“fashion is so readily available at next to nothing prices we have forgotten the skill of garment making”
A couple of days ago in the beauticians I was getting my eyebrows tinted and as I was lying there eyes closed, my mind (as it often does in these situations) started to wander. I thought to myself, this is so worth £12. I started to imagine the carnage that would ensue if I tried to do this to myself and thought I am so very happy to pay this professional to do the job for me.
That then got me thinking about other situations where we are happy to part with our money if someone is providing us with a quality service or product that we couldn’t have without them. In a restaurant for example, many of us would pay £20 for a good meal without too much thought. But of course! It’s been made by a chef, a professional with far much more skill in the area than we have. Again with coffee, we could make coffee at home but we often prefer to buy one made by a barista. And we happily pay £3 odd for the privilege. I think homeware is similar too, a lot of people will spend money on investment pieces for their home that they know will last them years. Eve if it involves saying up people will wait and strive for quality.
And then I thought to myself, how sad that the same thought process isn’t applied to clothing. I was thinking aloud a bit later that day I ran this thought past my boyfriend. He suggested that quite possibly people will assume that clothing, like many mass produced products, is made mostly by machine. When clothing just appears in shops on the high street it can be hard to remember that these items have already been a on huge journey, often through many hands and countries in order to manufacture them.
I have a background in fashion manufacture, I was lucky that the University I studied fashion at (LJMU) puts a massive focus on students understanding of how clothing is made. They believed that unless you fully understand how clothes are put together you can’t really design them well. I totally agree. Before going to uni I really had no idea of the complexity of making clothes and my eyes were opened to a world of technical skill. I spent 3 years learning to pattern cut and sew. There are so many processes to learn in sewing, this alongside mastering a range of machinery and a need for careful attention to detail. Sometimes just one or two stitches out can affect how a garment hangs. I learnt a lot in my 3 years but still I wouldn’t have called it a professional standard of making. My sewing was not as neat as the clothes you find in stores. After graduating I worked for a clothing manufacturer, we made everything in their UK studio, which is very rare these days. Here I developed my manufacturing skills to a much higher, professional standard.
This is when I fully began to understand, in the factory every item had to be cut and printed on, and sewed and overlocked and hemmed and trimmed and pressed and packaged and posted. All these things add into what into that cost of manufacturing an item of clothing. They all require a human being to make it happen. If that wasn’t enough before any of this happens someone has to weave the fabric and before that someone had to grow the cotton, pick it and spin it into yarn. There are so many unseen procedures that go into making our clothes and they all require a level of skill.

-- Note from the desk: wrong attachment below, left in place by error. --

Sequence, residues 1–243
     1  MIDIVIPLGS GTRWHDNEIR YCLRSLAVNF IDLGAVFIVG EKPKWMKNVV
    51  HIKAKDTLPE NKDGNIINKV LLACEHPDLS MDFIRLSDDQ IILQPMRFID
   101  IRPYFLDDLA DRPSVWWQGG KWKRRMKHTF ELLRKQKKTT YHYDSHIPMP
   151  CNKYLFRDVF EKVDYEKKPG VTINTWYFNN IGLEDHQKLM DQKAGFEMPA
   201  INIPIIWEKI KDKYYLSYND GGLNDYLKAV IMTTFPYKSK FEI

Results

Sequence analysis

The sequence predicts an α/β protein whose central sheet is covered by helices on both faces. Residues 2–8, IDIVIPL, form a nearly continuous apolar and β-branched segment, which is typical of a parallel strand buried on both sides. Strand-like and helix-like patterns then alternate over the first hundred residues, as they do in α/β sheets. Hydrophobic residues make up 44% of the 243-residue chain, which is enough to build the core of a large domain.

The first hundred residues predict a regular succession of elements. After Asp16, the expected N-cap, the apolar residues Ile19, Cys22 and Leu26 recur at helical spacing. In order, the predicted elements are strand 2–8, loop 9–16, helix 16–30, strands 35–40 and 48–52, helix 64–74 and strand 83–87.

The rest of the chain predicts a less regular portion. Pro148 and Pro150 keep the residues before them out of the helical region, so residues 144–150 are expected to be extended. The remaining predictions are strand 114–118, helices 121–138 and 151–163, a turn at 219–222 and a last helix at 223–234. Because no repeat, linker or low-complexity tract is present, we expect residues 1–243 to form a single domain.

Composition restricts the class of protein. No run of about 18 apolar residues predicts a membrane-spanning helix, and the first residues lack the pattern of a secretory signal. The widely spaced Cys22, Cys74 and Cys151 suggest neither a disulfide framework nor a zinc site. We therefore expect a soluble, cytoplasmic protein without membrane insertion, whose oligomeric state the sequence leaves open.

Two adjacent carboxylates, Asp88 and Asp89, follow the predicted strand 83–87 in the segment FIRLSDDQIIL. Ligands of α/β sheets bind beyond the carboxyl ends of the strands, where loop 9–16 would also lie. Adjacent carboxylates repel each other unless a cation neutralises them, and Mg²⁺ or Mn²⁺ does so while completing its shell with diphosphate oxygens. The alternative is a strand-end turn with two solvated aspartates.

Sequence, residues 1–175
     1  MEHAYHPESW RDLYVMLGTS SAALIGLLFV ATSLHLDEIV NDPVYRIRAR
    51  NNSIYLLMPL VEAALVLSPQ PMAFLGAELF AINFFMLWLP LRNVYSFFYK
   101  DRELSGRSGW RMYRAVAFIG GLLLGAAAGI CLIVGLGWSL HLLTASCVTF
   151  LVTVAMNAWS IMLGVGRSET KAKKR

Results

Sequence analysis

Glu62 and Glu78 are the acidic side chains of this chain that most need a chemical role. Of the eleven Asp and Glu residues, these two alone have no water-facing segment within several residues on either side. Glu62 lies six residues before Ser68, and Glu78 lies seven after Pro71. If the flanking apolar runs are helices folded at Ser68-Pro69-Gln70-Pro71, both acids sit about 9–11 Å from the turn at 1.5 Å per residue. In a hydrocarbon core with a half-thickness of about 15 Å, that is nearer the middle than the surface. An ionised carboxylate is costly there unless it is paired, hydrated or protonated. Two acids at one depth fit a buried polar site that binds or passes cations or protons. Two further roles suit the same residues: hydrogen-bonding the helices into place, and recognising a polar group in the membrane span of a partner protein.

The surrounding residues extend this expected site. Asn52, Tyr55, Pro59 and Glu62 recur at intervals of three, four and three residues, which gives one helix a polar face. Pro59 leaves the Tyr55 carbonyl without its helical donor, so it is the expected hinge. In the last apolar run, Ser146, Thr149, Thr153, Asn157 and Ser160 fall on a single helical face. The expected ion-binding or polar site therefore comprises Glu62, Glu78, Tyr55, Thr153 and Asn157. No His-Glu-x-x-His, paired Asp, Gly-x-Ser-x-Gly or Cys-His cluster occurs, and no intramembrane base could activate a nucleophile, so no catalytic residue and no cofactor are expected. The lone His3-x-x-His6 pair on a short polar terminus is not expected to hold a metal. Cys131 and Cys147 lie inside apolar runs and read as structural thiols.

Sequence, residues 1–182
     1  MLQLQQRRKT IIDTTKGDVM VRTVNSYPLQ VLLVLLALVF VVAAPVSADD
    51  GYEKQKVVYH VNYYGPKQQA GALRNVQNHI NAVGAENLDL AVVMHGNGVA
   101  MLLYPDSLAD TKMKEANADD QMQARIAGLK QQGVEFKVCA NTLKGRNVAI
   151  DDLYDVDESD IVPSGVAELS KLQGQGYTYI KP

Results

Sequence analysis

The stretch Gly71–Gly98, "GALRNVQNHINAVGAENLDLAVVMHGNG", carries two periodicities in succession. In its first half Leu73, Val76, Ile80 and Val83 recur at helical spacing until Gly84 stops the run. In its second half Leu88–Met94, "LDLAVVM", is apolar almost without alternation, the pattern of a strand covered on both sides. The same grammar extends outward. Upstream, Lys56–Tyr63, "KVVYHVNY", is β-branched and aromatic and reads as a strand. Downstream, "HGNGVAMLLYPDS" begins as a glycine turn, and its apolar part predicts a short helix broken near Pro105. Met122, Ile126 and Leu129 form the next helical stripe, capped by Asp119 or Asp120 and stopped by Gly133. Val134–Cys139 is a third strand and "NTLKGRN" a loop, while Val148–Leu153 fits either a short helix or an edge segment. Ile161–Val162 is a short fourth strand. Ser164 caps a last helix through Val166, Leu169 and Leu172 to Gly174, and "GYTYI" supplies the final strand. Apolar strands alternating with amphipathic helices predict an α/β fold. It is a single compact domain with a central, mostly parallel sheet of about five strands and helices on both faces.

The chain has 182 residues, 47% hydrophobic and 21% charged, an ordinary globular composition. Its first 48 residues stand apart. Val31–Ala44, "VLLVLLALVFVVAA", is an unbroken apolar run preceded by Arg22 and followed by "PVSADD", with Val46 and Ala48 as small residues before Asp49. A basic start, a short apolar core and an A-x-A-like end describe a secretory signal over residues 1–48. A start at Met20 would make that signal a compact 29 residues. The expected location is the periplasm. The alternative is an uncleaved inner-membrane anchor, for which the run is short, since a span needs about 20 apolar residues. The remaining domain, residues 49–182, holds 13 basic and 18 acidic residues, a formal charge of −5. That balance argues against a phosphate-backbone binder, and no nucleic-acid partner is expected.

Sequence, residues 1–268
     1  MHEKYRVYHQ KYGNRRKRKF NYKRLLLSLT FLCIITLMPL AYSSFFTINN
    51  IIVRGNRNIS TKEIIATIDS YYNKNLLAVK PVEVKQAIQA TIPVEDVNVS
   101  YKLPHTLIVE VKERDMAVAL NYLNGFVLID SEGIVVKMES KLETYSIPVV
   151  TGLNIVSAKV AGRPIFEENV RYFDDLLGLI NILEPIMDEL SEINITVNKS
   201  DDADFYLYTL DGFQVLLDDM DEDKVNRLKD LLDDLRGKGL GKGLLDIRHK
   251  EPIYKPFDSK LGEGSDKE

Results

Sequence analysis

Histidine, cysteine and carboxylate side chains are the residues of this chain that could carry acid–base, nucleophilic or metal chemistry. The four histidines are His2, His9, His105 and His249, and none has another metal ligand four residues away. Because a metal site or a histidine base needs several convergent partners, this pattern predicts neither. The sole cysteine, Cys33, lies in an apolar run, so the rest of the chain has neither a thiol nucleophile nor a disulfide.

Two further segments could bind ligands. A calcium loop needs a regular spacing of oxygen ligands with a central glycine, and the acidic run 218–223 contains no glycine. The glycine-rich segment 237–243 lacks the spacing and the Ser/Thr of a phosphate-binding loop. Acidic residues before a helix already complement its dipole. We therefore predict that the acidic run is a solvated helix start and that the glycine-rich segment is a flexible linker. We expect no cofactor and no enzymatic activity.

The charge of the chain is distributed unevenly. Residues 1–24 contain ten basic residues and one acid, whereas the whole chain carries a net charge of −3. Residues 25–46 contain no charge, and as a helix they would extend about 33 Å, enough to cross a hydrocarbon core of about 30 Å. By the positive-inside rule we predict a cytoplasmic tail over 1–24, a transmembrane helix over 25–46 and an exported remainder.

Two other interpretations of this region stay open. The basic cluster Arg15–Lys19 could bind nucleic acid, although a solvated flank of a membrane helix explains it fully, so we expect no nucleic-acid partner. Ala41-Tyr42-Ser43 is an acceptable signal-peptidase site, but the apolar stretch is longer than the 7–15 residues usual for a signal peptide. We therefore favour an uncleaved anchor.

When we take all of this into consideration and really break down all the various stages of production it begs the question, how can fashion retailers pay everyone in the supply chains fairly and still charge £5 or £10 for a top? Especially when we know many of these companies make millions of pound of profit every year, something doesn’t quite add up. They will tell you it is their business model that allows for this. But the truth is that almost all manufacturing is outsourced to countries where the manufacturing is the cheapest in the world. It is made in countries where workers do not have the same rights as they do here and are vulnerable to exploitation. Bangladesh’s main export is clothing made for the western market, but the average garment workers there earns roughly $3 a day. I read the other day that minimum wage for workers in Bangladesh is only 60% of the cost of living in a slum. Think about that, 60% of living in a SLUM. Retailers are fully aware of this but continuously put their own profit margins above workers rights. From spending years learning to make clothes I believe it is a valuable skill that should be respected, it is a skill worth more than minimum wage, whichever country you are living in. If a top costs less than £25, then honestly I would question the circumstance it has been made in. Be warned though, there are companies who charge far more than this and still exploit their workers. Expensive clothes doesn’t always mean fairer production.
It is not a basic human right to have a continuous supply of cheap, disposable, fast fashion. Until the 50’s we made a lot of our clothes. In those days people had a better understanding of the skill of clothing manufacture because they had to do it themselves. Due to this, there was a completely different attitude towards fashion. People knew the value of their clothes, they had a select amount which was made to last and it would be treasured. Historically, if and when people bought clothing it would be made to measure and made by a skilled seamstress. Now that fashion is so readily available at next to nothing prices we have forgotten the skill of garment making. I think this is why we are so unwilling to pay a fair price. We have forgotten about the people behind our clothes.
Follow My Journey
My monthly diary entry, talking all things sustainability and slow living. Enter your email and sign up to follow my journey. I'm excited to share it with you.